I always thought it was a piece of junk. More like one of those stupid collages you did in school, clipping photos from magazines and plenty of Elmer's glue. A work of crap. Now their creation shatters to the floor, and yet, Condi and Bush keep on pretending that their democracy project means something, achieved something. That the 1/2 TRILLION dollars spent on Iraq is worth it, and made us safer. Can you imagine how advanced our alternative energy strategy could have been? We could have offered $20,000 rebates to eligible households that installed solar panels reducing their electricity bills by 50%. That's just one example. It's pointless to consider what could have been. But what must come to be is reality in the White House, the end of denial. Their glorious piece of 'work' has shattered, and the American public knows it.
From VIEW FROM THE RIGHT (Lawrence Auster):
BUSH'S AND RICE'S ALTERNATIVE REALITY BREAKING DOWN
By Lawrence Auster
I’ll start by quoting Barry Schweid’s article for the AP in which he summarizes Secretary Rice’s recent woes:WASHINGTON (AP)—It was probably Condoleezza Rice’s unhappiest week as secretary of state, one so disappointing that it raises questions about the Bush administration’s ability to shape Middle East events in the near term. During her three days in the region, Egyptian and Saudi Arabian leaders—with Rice standing awkwardly at their side before the news media—refused to support the U.S. financial boycott of the militant group Hamas as it takes control of the Palestinian parliament.
In Iraq, sectarian violence threatened to turn into a civil war, setting back efforts by President Bush and Rice to construct a democratic government that would shine as an example for the entire area.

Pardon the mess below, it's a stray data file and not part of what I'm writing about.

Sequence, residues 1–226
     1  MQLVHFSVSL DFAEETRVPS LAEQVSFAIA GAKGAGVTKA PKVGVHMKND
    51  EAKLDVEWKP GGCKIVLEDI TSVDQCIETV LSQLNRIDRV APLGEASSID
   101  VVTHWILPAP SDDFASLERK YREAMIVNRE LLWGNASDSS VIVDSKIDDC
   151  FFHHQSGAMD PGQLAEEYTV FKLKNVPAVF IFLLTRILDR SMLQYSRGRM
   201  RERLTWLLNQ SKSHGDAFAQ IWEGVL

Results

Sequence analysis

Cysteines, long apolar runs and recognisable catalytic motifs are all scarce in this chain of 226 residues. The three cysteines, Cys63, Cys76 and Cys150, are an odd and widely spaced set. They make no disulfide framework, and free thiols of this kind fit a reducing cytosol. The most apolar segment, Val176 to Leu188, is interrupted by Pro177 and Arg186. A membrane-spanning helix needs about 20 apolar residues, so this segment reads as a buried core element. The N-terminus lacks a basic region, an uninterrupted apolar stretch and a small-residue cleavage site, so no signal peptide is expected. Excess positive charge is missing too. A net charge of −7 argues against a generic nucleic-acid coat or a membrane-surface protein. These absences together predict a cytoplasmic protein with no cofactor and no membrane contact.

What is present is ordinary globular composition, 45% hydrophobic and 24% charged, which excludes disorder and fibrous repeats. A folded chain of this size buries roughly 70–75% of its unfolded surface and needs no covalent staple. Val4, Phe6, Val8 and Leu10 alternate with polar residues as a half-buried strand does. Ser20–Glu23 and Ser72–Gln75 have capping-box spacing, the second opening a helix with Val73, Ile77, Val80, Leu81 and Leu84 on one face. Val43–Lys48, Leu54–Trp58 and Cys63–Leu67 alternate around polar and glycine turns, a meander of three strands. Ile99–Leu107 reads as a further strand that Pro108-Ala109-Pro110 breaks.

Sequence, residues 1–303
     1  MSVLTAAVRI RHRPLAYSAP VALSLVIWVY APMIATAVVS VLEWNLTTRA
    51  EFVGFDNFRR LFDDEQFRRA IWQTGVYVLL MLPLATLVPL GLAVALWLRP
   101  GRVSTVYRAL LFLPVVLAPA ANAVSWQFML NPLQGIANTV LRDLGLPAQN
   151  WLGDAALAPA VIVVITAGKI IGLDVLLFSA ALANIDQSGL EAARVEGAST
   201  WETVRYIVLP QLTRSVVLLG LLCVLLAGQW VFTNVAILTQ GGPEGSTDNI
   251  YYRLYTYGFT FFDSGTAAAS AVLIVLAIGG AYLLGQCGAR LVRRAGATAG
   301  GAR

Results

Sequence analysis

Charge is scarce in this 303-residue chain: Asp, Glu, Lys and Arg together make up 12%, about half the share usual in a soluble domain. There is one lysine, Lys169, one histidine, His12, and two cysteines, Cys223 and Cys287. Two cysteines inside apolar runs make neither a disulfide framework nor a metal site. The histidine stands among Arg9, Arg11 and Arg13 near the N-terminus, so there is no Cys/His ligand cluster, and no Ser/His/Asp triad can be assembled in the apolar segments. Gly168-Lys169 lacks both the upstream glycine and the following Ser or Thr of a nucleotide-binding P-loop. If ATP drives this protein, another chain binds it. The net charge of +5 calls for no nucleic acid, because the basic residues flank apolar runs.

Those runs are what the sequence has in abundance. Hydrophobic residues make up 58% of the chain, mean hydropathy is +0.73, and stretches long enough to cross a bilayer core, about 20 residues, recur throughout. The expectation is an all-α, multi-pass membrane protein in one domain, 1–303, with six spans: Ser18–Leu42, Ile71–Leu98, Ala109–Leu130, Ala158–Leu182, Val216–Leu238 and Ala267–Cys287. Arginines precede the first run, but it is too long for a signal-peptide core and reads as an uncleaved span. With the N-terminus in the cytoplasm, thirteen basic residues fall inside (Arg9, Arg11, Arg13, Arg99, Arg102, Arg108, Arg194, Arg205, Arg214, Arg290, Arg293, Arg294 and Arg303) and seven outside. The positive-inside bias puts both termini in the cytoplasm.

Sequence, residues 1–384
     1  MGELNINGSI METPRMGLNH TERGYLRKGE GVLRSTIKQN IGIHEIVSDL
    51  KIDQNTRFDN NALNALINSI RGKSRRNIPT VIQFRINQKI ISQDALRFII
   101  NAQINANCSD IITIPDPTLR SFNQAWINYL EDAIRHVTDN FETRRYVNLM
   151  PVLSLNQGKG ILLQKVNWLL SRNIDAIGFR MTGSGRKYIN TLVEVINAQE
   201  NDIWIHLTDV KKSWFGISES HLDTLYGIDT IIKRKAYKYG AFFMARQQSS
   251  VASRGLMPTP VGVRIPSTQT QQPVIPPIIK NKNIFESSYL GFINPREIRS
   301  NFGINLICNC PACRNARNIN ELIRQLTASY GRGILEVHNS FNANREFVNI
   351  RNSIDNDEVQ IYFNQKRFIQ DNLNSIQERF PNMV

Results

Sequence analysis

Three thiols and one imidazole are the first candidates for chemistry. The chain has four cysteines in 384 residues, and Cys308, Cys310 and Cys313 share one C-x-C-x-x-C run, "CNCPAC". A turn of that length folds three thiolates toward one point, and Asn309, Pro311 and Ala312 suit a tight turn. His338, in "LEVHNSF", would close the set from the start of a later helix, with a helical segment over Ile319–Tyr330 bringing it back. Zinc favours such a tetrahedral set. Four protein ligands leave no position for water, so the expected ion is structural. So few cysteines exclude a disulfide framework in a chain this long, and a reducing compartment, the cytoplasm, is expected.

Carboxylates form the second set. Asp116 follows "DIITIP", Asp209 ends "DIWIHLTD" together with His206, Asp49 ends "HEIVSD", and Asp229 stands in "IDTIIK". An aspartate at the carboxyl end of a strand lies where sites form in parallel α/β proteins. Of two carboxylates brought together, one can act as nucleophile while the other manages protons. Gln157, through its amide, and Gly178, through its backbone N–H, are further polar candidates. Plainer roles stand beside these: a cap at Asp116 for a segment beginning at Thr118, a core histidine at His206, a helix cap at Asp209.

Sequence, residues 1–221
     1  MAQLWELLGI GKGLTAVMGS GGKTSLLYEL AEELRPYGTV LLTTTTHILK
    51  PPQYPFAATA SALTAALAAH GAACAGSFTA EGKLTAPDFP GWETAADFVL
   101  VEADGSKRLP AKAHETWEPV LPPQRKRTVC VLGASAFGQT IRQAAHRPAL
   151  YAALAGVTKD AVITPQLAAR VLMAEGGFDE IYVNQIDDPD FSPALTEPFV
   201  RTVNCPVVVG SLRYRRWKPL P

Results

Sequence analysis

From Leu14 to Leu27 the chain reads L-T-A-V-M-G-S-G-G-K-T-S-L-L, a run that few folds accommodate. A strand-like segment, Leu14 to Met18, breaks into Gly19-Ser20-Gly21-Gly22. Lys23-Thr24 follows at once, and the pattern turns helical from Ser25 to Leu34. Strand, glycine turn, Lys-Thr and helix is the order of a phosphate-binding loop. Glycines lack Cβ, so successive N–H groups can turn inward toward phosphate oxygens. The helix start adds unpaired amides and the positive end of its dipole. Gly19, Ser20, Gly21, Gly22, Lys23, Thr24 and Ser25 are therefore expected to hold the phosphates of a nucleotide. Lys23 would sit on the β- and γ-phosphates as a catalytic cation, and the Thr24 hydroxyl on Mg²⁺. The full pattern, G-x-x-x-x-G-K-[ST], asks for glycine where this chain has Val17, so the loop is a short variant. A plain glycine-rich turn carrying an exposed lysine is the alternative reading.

And a deal with the United Arab Emirates, one of America’s few close Arab friends, to operate some terminals at six major U.S. ports unexpectedly ignited bipartisan anger in Congress and forced at least a delay of the transaction.
Each instance not only illustrated the chasm between the United States and the Arab world but seemed to widen it.
As we look at Rice’ numerous problem areas,—the Hamas election; the refusal of Arab governments to join America’s financial boycott of Hamas; sectarian violence in Iraq; and the uproar in the U.S. over the UAE ports deal—is there a common element running through them? Yes, there is. It is the crashing into reality of the Bush/neoconservative/liberal dogma which says that all people are like us and that differences don’t matter.
Thus: For us, democracy is compatible with civilized norms of conduct, therefore it should also be so for the Palestinians. But it’s not.
Thus: We believe that an organization devoted to waging terror war to destroy a sovereign nation is a bad thing that should be shunned, therefore Arab potentates should believe it too. But they don’t.
Thus: In America we don’t need a dictator to keep different religious denominations from killing each other and blowing up each other’s churches, therefore the Iraqis shouldn’t need one either. But they do.
And thus: “We”—meaning Bush and Rice and their fellow globalist elites—take it as a matter of course that Arabs are just as safe a bet for handling U.S. ports as any other national group, and therefore all Americans should feel the same. But they don’t.
With that last example, the pattern I thought I had found changes in an interesting way. It’s not that non-Americans turn out to be different from Americans, it’s that most Americans, and most of the human race, are different from Bush and Rice and the elites that support them. When it comes to the false, extreme, and destructive idea that humanity consists of a mass of interchangeable units sharing the same desires for freedom and democracy, there is only one group in the world that truly believes it—our rulers. So rigid is their faith in this false vision of humanity that even when it comes crashing down around them, as recounted in the above article, they can’t see it. Like ideological zombies, they keep smugly repeating the same formulae.